These are all things we're guessing very few people have said about the composer you're going to learn about in this episode. Elliott Carter's music is about something much more vast and complex than chillaxing: it's about the full range of human experience. If you've been alive for long enough to read this, you know that being a person is not always easy - that, in fact, ease can't exist without difficulty. It's a thing that we expect other art forms to reflect. And in this episode, Austin Wulliman and Christopher Otto of the JACK Quartet teach all about a composer who used this music to convey It All, too.

PS, You can go see the JACK Quartet perform the music of Elliott Carter, or go check them out at the Ojai Festival this summer. Find out more here.

Music in this episode:

Special thanks to Todd Reynolds for his music, Taskforce: Farmlab from Outerbourough.

Apr 08 2019

43mins

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Classical Classroom, Episode 198: Music Education Month - Idyllwild Arts

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In the beautiful San Jacinto Mountains, southeast of Los Angeles, is a place that is basically the ultimate experience in music and arts education: Idyllwild Arts Academy. It's a residential arts high school where young people are immersed in their chosen practice every day. Here, music students learn alongside peers studying visual arts, dance, and more, and collaborate with them. One hundred per cent of Idyllwild grads go off to college. What does the dream of music education look like? What could music education be like? And how does it impact young people? President and head of the school Pamela Jordan and faculty piano instructor Doug Ashcraft tell all in this episode.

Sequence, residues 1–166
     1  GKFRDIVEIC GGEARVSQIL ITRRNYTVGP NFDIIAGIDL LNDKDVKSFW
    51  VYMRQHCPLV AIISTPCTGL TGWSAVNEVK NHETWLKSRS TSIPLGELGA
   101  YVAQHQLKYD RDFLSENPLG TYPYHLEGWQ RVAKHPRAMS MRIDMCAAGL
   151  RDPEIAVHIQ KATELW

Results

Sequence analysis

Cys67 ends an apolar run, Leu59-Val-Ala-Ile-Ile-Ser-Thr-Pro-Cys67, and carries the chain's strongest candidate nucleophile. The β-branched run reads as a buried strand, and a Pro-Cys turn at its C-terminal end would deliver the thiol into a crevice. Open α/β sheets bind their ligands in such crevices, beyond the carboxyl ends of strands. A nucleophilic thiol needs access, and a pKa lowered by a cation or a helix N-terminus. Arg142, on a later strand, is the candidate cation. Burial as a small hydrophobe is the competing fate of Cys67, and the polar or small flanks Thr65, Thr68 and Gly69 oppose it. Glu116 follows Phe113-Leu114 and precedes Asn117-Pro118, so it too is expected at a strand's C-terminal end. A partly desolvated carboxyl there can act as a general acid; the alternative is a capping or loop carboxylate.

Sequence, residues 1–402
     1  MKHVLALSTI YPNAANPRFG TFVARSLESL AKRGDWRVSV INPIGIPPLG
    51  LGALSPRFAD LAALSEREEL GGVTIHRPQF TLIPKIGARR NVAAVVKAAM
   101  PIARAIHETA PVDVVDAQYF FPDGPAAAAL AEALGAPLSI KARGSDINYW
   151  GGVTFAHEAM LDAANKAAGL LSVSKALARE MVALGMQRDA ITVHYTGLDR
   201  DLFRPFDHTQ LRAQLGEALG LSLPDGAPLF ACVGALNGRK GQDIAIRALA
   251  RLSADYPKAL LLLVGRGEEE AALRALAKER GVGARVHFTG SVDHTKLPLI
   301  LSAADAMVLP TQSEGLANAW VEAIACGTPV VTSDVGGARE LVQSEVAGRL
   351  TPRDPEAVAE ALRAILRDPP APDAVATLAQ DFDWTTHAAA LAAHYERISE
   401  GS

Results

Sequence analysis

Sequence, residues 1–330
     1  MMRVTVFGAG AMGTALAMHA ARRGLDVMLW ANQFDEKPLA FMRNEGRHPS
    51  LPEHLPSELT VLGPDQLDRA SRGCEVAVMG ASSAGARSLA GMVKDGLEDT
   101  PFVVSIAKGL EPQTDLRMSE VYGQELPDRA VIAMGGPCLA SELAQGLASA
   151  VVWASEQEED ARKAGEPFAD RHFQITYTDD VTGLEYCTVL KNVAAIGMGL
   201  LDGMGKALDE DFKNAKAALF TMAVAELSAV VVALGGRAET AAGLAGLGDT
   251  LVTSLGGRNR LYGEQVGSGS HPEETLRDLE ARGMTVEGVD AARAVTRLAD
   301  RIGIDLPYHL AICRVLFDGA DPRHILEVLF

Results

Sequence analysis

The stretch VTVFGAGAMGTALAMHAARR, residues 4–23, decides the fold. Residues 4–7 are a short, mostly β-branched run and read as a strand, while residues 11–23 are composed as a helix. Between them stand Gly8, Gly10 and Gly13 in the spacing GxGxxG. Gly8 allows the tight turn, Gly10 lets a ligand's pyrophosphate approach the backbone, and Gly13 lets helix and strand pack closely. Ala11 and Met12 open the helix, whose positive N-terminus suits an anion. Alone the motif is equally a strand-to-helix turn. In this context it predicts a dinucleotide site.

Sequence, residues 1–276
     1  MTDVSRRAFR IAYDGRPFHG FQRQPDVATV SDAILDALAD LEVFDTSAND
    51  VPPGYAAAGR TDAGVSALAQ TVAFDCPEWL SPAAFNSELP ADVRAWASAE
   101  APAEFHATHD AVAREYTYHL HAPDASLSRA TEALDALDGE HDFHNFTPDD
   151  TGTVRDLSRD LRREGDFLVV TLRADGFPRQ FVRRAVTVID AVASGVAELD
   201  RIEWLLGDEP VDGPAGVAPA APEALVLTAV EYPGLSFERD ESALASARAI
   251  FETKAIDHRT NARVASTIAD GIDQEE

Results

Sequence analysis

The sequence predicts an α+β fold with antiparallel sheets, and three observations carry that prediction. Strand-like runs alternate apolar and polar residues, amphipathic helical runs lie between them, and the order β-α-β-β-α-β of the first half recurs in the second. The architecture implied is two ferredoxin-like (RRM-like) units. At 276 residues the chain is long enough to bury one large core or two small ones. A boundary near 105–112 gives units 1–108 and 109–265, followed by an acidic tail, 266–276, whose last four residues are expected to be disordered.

Music in this episode:

Special thanks to Todd Reynolds for his music, Taskforce: Farmlab from Outerbourough.

Apr 01 2019

34mins

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Classical Classroom, Episode 197: Music Education Month - The Village School

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Neither Sarah Perkins nor Michael Barber ever intended to become music and arts educators. No, they both had their sights set on the Big Time - performance and Broadway. But life presented each with opportunities to teach music to young people, and before they knew it, they Sarah and Michael were hooked. Now they're both staffers at a unique school in Houston, Texas called the Village School. In this episode, learn about what makes teaching music and the arts so rewarding, and about a school so amazing that even the dazzling lights and dizzying heights of Broadway can't lure educators away.

Special thanks to Todd Reynolds for his music, Taskforce: Farmlab from Outerbourough

Mar 25 2019

33mins

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Classical Classroom, Episode 40: Simone Dinnerstein Goes Bachpacking (Rerun)

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March is Music Education Month on the Classical Classroom, but it's also Bach's birthday month. So, it's obviously the perfect time to revisit this episode with Simone Dinnerstein in which we discuss a music education program she started about the music of Bach. (Bam. Venn diagram intersection = achieved!) Learn about the music of Bach, and perhaps, take some cues from Simone on bringing music ed to your own community.

Special thanks to Todd Reynolds for his music, Taskforce: Farmlab from Outerbourough.

Mar 18 2019

32mins

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Classical Classroom, Episode 196: Joyce DiDonato - When Musical Worlds Collide

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People are pretty much never just one thing. Each person is made of the stuff in their individual history, including the music. That includes Grammy-winning opera singers. Mezzo-soprano Joyce DiDonato recently completed a project that brought the disparate parts of her own musical history together. And because she's Joyce DiDonato, this meant bringing top notch performers from across the musical spectrum into the studio to work together. In this episode, she talks about the fascinating process of bringing jazz and Baroque together, and the surprising connections between the two.   

Music in this episode:

Special thanks to Todd Reynolds for his music, Taskforce: Farmlab from Outerbourough.

Mar 11 2019

23mins